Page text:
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Increasing your .NET Core App's Resilience: Building a Faulting API

maurocon3ras profile image Mauricio Contreras Updated on ・5 min read

Introduction

Imagine you're building an app that depends heavily on consuming some API that you don't own. How do you handle errors while making requests? Maybe the API couldn't respond for a couple of seconds, and now it's working again (transient errors), or maybe the service is down and no answer will be given back for a while.

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We will be covering both scenarios on this post series, we will be simulating a faulting API that responds correctly a couple of times and then stops working for a predefined time and we will look at how to implement a retry mechanism to try sending a request again and what to do if the service does not respond after some failed intents.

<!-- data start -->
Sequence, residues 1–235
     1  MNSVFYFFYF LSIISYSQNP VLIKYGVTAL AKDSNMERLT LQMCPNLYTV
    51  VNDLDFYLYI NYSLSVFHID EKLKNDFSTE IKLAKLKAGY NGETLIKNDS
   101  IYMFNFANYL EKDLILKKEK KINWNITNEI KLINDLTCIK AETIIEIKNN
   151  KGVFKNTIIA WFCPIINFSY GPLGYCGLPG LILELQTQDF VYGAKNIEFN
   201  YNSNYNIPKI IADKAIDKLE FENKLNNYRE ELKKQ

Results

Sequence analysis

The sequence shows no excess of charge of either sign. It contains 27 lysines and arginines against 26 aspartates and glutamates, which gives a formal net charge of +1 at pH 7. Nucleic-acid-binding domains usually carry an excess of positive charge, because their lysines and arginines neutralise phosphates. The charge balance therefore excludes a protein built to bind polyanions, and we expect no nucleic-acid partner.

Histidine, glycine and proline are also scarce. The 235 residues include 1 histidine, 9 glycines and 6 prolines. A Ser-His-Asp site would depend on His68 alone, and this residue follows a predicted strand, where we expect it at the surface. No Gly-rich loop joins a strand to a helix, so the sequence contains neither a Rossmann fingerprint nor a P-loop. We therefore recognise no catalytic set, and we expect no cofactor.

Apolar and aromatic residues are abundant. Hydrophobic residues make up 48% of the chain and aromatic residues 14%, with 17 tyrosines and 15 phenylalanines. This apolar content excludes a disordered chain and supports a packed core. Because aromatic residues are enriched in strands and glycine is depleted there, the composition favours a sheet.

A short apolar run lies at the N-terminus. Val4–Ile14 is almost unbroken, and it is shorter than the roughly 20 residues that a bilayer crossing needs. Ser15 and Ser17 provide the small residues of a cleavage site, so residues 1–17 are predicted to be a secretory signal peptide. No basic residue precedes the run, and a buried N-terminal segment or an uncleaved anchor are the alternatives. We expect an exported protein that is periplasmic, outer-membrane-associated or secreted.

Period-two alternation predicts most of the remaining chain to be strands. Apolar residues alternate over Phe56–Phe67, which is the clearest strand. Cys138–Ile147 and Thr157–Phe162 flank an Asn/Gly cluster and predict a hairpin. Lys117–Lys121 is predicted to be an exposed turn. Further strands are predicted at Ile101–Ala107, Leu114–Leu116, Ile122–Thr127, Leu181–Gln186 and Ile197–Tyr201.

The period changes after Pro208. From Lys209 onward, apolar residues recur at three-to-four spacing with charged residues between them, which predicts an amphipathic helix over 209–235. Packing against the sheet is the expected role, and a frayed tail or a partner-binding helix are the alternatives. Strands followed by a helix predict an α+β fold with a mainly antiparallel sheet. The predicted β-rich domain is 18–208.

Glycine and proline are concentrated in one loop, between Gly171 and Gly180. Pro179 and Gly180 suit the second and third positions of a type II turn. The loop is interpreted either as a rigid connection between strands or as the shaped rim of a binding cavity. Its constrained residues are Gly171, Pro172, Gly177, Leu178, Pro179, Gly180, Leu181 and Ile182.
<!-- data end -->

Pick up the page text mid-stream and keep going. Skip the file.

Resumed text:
So let's start coding!

I created this sample using the .NET Core API Template from Visual Studio 2019, the "Weather Forecast".

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Our sample uses AspNetCoreRateLimit nuget to restrict API calls by IP to simulate the "Out of service" state. You should definitely check it out, it has different ways to restrict API calls, and it's easy to get it to work.

Once you installed the NuGet library you can add it to your Startup.cs

// This method gets called by the runtime. Use this method to add services to the container.
public void ConfigureServices(IServiceCollection services)
{
    // needed to load configuration from appsettings.json
    services.AddOptions();